Gollert goes distances as Ontario Blue Jays win 16U

By Alexis Brudnicki
In its inaugural season, the Canadian Premier Baseball League crowned its first champions at the two highest divisions on Sunday afternoon, with the Ontario Blue Jays coming out on top of the Toronto Mets at both the 16U and 18U levels.

The Ontario Blue Jays Travers squad, one that finished atop the 16U regular-season standings with a 28-3 record, took down the Toronto Mets Orange squad 6-3 at Bond Park in North York to capture the division after continuing its strong run through the circuit’s playoffs.  

“This was probably the best group of competitors that I’ve ever had, one through 19, they just competed every day,” said Sean Travers, the director of player development for the OBJ program and head coach of the championship 16U squad. “Everybody just contributed. It was a team based around starters. All 19 guys contributed and all 19 guys fought the entire game.”

During a season in which Travers saw his team go from being “guys who played baseball to baseball players,” he found that the way they clawed back in a tough final matchup against the Mets – who finished the regular season with a 17-11 record – was a fitting end to how they played their entire summer.

“It was their absolute fight that made me most proud,” Travers said. “They never gave up. For the first two weeks of our road trip, we only had 16 players, so guys were playing all the time and nobody ever quit the entire year, and then the final game was kind of like a summary of our whole season.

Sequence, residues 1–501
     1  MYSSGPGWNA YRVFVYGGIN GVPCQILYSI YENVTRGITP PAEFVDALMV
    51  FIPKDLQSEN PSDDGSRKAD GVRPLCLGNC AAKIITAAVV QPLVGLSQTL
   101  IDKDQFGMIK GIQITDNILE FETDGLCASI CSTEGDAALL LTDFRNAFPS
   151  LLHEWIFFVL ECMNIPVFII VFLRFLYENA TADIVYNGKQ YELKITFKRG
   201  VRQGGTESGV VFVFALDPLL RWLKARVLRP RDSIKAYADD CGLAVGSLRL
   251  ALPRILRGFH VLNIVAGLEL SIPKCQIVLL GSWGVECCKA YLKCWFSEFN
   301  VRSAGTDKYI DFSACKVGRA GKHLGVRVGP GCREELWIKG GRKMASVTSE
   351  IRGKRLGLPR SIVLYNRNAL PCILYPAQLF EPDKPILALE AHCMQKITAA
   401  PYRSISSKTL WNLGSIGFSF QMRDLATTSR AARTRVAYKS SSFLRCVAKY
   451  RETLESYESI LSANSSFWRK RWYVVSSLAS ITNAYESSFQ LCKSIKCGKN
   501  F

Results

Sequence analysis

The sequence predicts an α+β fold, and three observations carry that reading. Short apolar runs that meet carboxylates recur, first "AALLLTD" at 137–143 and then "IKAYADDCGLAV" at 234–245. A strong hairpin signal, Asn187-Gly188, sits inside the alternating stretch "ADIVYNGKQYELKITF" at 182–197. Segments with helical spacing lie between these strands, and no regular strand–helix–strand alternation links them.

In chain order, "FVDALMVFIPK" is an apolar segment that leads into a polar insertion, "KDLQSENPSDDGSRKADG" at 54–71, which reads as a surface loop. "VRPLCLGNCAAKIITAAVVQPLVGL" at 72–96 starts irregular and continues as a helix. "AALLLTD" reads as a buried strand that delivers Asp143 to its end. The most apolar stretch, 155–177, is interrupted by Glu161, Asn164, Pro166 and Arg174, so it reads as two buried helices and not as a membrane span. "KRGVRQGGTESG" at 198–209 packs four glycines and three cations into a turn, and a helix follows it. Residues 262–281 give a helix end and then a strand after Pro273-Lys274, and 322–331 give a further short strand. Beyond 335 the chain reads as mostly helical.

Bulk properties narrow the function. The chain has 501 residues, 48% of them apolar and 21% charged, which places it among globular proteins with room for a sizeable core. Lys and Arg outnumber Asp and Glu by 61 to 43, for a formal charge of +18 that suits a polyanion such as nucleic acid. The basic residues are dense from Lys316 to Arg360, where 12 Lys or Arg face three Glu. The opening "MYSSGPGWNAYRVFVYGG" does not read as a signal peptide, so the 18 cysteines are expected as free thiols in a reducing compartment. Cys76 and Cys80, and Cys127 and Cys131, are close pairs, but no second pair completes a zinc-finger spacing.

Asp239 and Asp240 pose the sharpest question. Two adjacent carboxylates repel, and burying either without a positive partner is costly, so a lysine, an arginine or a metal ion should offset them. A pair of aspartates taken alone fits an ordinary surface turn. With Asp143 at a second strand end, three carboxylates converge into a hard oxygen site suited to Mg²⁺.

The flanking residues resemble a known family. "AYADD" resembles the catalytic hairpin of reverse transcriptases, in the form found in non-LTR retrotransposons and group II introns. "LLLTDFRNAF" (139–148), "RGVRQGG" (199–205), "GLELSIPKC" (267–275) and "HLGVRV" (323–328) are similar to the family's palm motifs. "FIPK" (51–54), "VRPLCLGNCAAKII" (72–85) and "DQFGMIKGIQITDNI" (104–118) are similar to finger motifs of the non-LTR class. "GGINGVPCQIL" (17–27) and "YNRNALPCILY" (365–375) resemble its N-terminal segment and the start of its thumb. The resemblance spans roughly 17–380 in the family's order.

“We got down three to [Mets hurler, Canadian Junior National Team member and Pickering native] Landon Leach and against 16-year-olds, three runs for Landon Leach should be enough, but our guys kept fighting and fighting and fighting. They got back in the game, the little guys got on…the big guys drove them in, and that’s the way all good teams at any levels are.”

With an incredibly well-rounded lineup and staff, including Leach’s Team Canada teammate and Torontonian Harley Gollert, who threw a complete game for the OBJ squad in the win, Travers had tough decisions to make all season long, trying to get everyone out on the field as much as possible.

“As a coach, it makes it harder,” he said. “There are 13 guys who should be in that starting lineup every day. As a coach, when you can go with the hot hand it’s easy, when you just have those eight guys to choose from. But there are 12 or 13 guys every day who deserved to be in that lineup, so it makes my job hard and that’s the way I like it.”

Finishing atop the ladder in both the regular season and in post-season play in the CPBL, Travers is excited about what the new league brought to the table in its inaugural year, and is looking forward to much more as it continues its progression.

“Our record was pretty outstanding,” Travers said. “I thought the league was really good, especially in its first year. We only got to play the Great Lake Canadians four times, so playing the teams that we regularly play, I really like the fact that we actually got to compete for something in the end.

“I thought the league had an awesome first year, and there are definitely improvements we can make going forward to make this league even better. The league is already better than what we came from, but next year and the year after we’ll just keep getting better. There are baseball guys leading it and I would think they’ll make good baseball decisions.”

Seeing the OBJ Steed squad come out on top of the league at the 18U level on Sunday and completing a clean sweep for the program at both of the highest divisions made the win even better for Travers, who couldn’t be happier for the success of the CPBL and the program.

“It’s a testament to all the players and all the families, and how much work the coaches put in,” Travers said. “This is not by accident. The coaches, the families, the players all put in an incredible effort and make incredible sacrifices, and to win them is kind of the reward for that.”